Speeding the flow of data to decision makers
Title: Director, Observatory of Fortaleza
City: Fortaleza, Brazil
Elis Teixeira leads a city agency in Fortaleza tasked with assembling the intelligence local leaders need to make better decisions. A big problem, she says, is that too much of that data comes in monthly, every six months, or once a year—too infrequently for managers to make nimble adjustments.
So as Teixeira heads up Fortaleza’s participation in the Bloomberg Philanthropies City Data Alliance, her major focus is on speeding up the flow of data. She wants to see information on public health, education, and other local services look more like the real-time data traffic managers already see through street cameras and apps like Waze.
“We have in-the-moment data about traffic, but we don’t have that for social problems,” she says. “That’s why we are trying to integrate data from different secretaries and departments to understand more precisely the problems of the city and have evidence to justify decisions.”
It’s no easy task. Fortaleza is a big city of 2.6 million, and the municipality runs a sprawling network of services that includes schools, hospitals, and health clinics. Teixeira and her team started by mapping all the data and systems in use across the administration. They met with more than 200 people who work with data, and sent questionnaires to agencies to generate a picture of what information the city is collecting.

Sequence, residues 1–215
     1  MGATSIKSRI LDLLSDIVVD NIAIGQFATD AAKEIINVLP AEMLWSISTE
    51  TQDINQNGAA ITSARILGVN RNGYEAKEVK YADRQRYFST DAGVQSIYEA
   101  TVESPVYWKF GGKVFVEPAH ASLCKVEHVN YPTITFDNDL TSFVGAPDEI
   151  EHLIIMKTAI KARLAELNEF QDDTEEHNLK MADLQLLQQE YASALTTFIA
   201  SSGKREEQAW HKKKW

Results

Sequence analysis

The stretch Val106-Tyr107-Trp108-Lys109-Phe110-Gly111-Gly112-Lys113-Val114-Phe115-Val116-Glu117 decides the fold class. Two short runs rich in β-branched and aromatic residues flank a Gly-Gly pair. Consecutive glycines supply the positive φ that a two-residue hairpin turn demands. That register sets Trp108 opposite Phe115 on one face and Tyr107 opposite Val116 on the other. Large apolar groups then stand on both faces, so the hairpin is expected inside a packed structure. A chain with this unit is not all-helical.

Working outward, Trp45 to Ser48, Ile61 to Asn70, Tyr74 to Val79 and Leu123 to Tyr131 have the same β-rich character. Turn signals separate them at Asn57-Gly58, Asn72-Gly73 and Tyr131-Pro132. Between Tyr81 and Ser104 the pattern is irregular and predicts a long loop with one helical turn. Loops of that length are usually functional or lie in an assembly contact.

Now, they’re working on assembling that data into real-time dashboards, starting with solid waste. Teixeira hopes city leaders will get the information they need to improve trash collection services, spot cost savings and efficiencies, and lift the city’s recycling rate.
Pro tip: “We don’t just need data in government but also people with the skills to analyze and interpret the data and give advice to people at a high level.”